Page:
Prices for prime waterfront properties around the world are on average 40% higher than comparable properties inland, new research has found.
Housing market dangers are “especially acute” in Australia, Hong Kong, Canada and Sweden, Oxford Economics said, noting this has historically posed a threat to economic activity.
Fears that the global surge in asset prices could turn into a crash have heightened after central bankers in Switzerland and Norway indicated they may take hawkish action to address house prices and strained family finances.
For the majority of aspiring buyers, Swiss housing prices are out of reach. A report by Credit Suisse published in March described homeownership in Switzerland’s urban centers as a mirage, for most buyers with average earnings, despite the current low interest rates. Given the combination of high prices and strict mortgage requirements, “the low mortgage interest rates,” it said, are “merely an optical illusion for many households.” Recently, however, the rise in home prices has begun to slow nationwide. Claudio Saputelli, the head of global real estate research for UBS Wealth Management, said price growth had been sustained by falling mortgage rates, but lending restrictions and stagnating per capita income have had a mitigating effect since 2014. For luxury homes, asking prices have declined by roughly 5 percent since 2015 in most parts of Switzerland, Mr. Saputelli estimated, and sales prices have declined an additional 10 to 20 percent. “There is a mismatch between market prices and price expectations of sellers,” he said, that has resulted in “stalling sales.”
It suggested requiring citizens from countries outside the European Union plus Liechtenstein, Iceland and Norway to get permission to buy main residences in Switzerland.
Hong Kong is the world's most expensive city for expats, leapfrogging Angolan capital Luanda in the annual chart compiled by consultancy firm Mercer.
Luanda, which had consistently topped the list in recent years, fell in the ranking owing to the weakening of its local currency.
Zurich and Singapore were third and fourth on the list, unchanged from a year ago. Tokyo rose to fifth.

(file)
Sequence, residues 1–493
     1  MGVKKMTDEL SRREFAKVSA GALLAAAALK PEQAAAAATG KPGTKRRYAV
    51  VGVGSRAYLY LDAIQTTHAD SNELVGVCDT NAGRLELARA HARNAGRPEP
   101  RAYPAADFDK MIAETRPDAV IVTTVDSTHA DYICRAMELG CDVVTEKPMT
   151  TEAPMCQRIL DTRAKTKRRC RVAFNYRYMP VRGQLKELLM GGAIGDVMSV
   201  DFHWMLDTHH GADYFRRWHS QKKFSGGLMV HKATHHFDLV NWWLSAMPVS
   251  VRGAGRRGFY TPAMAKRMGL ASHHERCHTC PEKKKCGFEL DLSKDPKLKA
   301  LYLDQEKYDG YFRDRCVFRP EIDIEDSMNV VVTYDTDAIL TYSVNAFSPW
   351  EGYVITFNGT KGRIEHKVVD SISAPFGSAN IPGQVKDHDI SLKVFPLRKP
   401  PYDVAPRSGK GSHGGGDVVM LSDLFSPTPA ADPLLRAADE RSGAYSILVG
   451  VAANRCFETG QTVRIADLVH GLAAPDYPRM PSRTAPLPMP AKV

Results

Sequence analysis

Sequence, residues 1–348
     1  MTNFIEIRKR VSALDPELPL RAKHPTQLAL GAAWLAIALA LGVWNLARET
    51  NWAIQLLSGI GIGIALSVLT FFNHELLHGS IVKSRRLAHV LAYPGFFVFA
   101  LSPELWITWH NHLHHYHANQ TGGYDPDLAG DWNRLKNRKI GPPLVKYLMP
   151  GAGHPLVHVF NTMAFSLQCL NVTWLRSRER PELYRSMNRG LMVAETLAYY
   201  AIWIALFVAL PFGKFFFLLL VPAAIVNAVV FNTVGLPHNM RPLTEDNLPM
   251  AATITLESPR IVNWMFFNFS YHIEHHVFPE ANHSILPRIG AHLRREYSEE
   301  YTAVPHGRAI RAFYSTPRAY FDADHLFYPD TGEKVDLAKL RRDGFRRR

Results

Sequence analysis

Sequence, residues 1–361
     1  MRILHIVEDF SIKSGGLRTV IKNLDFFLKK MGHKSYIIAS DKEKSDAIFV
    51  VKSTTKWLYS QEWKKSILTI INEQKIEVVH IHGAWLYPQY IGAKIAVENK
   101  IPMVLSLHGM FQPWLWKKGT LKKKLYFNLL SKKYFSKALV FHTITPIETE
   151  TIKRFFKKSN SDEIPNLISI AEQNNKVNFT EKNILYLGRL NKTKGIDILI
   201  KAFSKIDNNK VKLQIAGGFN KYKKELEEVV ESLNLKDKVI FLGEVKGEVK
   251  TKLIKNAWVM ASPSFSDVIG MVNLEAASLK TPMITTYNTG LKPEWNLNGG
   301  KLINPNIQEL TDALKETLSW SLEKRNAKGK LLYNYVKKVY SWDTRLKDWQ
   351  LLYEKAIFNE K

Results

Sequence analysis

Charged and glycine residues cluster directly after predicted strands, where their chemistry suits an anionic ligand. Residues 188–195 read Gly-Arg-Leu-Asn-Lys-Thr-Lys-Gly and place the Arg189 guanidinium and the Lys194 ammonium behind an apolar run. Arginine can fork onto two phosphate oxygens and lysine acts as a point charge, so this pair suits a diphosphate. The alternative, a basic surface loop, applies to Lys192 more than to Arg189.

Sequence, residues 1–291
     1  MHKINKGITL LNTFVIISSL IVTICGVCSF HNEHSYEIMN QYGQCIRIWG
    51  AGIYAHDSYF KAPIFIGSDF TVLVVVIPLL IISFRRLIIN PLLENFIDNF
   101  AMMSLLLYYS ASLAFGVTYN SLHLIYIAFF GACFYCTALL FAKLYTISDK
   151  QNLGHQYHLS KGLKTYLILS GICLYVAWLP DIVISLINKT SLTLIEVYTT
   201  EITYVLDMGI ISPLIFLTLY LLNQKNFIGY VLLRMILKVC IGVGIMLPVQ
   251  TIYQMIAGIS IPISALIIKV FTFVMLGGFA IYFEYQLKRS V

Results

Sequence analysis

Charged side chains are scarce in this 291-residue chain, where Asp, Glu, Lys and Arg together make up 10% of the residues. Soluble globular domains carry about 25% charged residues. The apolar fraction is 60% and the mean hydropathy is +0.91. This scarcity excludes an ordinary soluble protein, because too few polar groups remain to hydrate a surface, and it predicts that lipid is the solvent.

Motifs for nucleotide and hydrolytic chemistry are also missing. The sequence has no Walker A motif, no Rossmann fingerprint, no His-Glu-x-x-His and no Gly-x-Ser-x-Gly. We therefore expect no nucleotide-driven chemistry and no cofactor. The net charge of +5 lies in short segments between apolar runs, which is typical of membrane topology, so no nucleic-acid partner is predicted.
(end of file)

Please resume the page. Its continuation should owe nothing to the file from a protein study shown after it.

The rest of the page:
Switzerland’s property markets are currently providing strong growth for investors with the latest data showing total returns of 6.6% in 2015.
This was up from 5.2% in 2014, which the index report from investment support tools firm MSCI says reflects continued strong growth in the Swiss properties sector.
It also says that the strength of Swiss property market signals that the sector benefited from the Swiss National Bank’s (SNB) move last year to scrap the franc’s peg to the euro and lower interest rates.
Prices for holiday homes have dropped as much as 15 per cent in the past three years, according to Swiss bank UBS.
Demand for Alpine property is rising, spurred on by a more resilient Eurozone, greater clarity over tax and the second home cap in Switzerland, as well as a weaker euro, says a new analysis report.
The latest results of the Knight Frank Prime Ski Property Index underline a broadly stable market environment with only 13% percentage points separating the strongest and weakest performer.
Demand for Alpine property is rising, spurred on by a more resilient Eurozone, greater clarity over tax and the second home cap in Switzerland, as well as a weaker euro, the latest index report says.
Val d’Isere and Meribel in France have seen the biggest annual growth in property prices with a rise of 5.8% and 4.5% respectively, according to the 2015 Ski Property Index from international real estate firm Knight Frank.
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